Alice’s Adventures Underground


Esin Huseyin Header

Posted 20/08/15
By Esin Huseyin

With this year marking the 150th year since Alice in Wonderland was first published, its no surprise that London is awash with various productions in commemoration.

There’s one in particular that’s stood out to me, since I first saw an advertisement on the tube, and that’s Les Enfants Terribles’ immersive production in The Vaults. The idea of having such a colourful, and let’s face it slightly absurd tale, come to life around me was one I couldn’t resist. 

The production commences every 15 minutes usually, depending on availability, and lasts around 90 minutes. You’ll be navigating your way through slightly unusual terrain into the daft and wonderful world of Wonderland. Probably worth mentioning that if you’re claustrophobic or of a nervous disposition, you may want to sit this one out. 


I was lucky enough to be given two tickets to attend one of the performances last week. To which I can’t help but briefly mention, that upon arrival I encountered a pretty rude member of the front of house team. 

Putting that experience aside, just a quick DISCLAIMER – I will not give away a lot of the storyline, as it’s one I want you all to enjoy. Part of the joy is the chaos and disorientating fun of it all. 

The set design was incredible, from floor to ceiling book covered rooms, the use of trap doors, as well as the use of technology like lighting and sound all helped to create a very smooth transition between the rooms and different characters you encountered. 


You begin your own personal journey through Wonderland with the questions: ‘Eat me?’ and ‘Drink me?’ Depending on your chosen path, it affects your journey and storyline through the maze that was Wonderland. 

You came in to contact with the standard bunch of characters with a few extra added in for good measure. Some of the characters were puppets, such as the cat, it gave an air of him being everywhere around you, all seeing. 


Although the angle of which we were all told to sit in, did spoil the reveal of the big cat face. All I could see was the actor working the puppet underneath.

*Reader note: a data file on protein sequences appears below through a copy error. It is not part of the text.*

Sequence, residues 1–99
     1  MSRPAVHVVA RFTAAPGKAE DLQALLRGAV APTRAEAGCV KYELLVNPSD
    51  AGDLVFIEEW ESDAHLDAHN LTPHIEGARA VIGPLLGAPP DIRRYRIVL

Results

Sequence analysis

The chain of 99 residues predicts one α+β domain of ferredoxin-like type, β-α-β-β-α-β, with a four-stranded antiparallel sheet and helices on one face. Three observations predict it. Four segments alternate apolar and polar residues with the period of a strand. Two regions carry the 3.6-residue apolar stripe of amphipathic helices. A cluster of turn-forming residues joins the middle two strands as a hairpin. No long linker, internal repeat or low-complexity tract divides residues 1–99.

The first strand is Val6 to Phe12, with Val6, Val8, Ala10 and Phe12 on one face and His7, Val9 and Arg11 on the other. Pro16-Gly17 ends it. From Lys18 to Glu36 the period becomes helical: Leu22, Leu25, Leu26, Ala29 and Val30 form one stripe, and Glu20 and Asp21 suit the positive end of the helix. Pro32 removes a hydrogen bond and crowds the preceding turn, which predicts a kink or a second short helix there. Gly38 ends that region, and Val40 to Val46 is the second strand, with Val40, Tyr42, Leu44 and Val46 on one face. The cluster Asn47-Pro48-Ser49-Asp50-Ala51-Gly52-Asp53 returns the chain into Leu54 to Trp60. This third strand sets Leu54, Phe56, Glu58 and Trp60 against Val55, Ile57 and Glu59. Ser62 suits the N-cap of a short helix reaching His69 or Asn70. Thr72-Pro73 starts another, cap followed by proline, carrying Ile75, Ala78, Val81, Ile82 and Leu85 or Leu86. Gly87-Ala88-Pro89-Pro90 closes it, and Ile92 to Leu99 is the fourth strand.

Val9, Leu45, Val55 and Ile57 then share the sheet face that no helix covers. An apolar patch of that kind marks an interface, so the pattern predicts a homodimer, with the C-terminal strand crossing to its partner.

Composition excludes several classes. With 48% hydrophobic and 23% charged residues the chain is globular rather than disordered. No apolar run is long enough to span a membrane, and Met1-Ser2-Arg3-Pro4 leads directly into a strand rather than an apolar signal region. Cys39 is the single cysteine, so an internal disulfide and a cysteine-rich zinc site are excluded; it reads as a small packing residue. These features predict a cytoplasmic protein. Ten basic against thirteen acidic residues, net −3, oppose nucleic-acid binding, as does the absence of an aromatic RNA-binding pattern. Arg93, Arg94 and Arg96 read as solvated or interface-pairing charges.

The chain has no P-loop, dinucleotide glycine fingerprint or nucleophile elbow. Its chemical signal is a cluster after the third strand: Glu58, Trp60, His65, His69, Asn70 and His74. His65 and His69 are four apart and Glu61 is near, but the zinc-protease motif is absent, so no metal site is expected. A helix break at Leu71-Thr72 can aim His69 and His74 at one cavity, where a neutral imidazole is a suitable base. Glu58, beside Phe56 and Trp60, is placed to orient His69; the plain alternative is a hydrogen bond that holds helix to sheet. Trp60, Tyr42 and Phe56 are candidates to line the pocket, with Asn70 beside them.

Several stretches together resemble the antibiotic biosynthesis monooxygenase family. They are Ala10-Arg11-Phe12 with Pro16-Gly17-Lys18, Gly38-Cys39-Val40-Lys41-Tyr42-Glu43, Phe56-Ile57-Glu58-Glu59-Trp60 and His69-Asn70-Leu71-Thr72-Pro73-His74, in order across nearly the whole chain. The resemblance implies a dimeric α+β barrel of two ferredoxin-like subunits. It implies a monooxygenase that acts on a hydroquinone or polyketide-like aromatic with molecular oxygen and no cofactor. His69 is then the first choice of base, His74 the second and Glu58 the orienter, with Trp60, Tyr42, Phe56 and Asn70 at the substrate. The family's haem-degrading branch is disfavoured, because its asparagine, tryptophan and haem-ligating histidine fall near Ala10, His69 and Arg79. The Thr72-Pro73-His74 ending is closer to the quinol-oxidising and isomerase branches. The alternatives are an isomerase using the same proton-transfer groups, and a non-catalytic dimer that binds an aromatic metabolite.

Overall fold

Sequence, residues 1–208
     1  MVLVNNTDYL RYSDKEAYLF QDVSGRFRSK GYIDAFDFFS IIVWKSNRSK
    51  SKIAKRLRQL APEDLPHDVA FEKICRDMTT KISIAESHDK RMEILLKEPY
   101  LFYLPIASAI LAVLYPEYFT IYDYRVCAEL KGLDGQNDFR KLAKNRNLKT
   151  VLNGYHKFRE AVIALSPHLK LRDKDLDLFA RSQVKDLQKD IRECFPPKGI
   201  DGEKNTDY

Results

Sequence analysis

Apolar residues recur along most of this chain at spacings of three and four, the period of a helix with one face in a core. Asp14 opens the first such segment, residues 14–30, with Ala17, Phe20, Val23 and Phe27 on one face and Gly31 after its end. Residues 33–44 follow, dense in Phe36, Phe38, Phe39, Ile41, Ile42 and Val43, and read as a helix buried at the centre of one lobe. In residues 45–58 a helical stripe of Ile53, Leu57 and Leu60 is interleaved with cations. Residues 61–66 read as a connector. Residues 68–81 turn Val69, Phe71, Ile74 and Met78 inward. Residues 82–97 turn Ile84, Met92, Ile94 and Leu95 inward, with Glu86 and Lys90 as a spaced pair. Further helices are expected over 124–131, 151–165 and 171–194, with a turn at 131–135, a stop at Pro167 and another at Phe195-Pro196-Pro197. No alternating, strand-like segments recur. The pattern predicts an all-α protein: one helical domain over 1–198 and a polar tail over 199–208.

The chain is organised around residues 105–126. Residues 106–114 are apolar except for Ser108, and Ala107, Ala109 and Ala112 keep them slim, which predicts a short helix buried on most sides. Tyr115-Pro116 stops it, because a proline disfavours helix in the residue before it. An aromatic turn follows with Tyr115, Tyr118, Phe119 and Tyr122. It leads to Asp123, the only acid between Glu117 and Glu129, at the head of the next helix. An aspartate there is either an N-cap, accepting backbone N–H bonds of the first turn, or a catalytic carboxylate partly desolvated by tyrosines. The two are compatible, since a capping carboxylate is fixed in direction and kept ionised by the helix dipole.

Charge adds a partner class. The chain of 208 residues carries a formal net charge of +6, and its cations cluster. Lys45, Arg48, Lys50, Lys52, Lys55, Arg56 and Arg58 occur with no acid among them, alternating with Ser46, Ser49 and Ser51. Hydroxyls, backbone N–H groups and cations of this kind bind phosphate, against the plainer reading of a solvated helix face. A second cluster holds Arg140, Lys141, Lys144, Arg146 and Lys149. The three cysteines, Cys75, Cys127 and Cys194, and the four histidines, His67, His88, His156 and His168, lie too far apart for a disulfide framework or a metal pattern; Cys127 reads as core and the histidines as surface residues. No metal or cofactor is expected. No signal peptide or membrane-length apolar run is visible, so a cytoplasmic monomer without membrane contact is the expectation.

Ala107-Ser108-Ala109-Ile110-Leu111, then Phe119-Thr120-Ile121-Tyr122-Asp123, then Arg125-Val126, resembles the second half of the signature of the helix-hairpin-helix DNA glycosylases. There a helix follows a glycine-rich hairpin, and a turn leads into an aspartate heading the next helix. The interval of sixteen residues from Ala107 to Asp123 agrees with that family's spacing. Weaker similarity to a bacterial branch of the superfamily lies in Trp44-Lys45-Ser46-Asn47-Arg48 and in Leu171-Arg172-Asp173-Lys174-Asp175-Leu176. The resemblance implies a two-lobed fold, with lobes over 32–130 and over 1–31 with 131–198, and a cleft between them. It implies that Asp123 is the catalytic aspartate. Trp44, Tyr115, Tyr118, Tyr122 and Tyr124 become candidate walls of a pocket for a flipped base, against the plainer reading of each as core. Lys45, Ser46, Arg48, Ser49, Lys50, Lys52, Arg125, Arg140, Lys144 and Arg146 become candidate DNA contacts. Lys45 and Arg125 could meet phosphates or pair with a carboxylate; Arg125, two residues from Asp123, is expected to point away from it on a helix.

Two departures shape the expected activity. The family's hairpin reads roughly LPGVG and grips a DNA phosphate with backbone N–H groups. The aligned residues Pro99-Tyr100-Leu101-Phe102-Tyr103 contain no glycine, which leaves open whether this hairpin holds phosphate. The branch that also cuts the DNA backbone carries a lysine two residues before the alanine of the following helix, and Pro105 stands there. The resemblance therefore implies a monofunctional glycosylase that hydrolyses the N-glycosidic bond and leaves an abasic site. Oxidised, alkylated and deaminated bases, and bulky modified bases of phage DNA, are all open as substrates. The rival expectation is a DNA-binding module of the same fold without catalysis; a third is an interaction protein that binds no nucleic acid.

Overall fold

Being rushed from room to room through curtained hallways, it led our group not only deeper in to the maze of rooms but also deeper into Wonderland – closer to the queen. You can’t help but feel as if someone or something is going to jump out at you every 2 seconds. 

Your journey ends in court with the Queen where you’re, depending on your suit, equipped with mini missions. 

The rabbit was phenomenal, even when he wasn’t talking his body language was twitchy and impatient, I couldn’t keep my eyes off of him. 

The Queen showed me just how much fun she was having. Her flamboyant portrayal of the character was incredible, and I couldn’t stop laughing. Even the word nonsense made her sick…

As much as I loved the entirety of the Mad Hatter’s Tea Party, there was one point where the mouse (I think) ran across all of the tables holding an operatic note for the entirety of the table. 

And my final highlight was the silly yet skilful choreography of meeting Tweedle Dee and Tweedle Dum. They’re literally running circles around you…

Overall I got lost in Wonderland and survived. From nervous laughter to belly rumbling laughs, it’s a great performance to take you out of your comfort zone and get you talking. Taking traditional characters and infusing them with new life and skills. 

The show is still on until the end of August, so book your tickets here. And mind you don’t lose your head…

All pictures used within the body of this text are with thanks to Jane Hobson.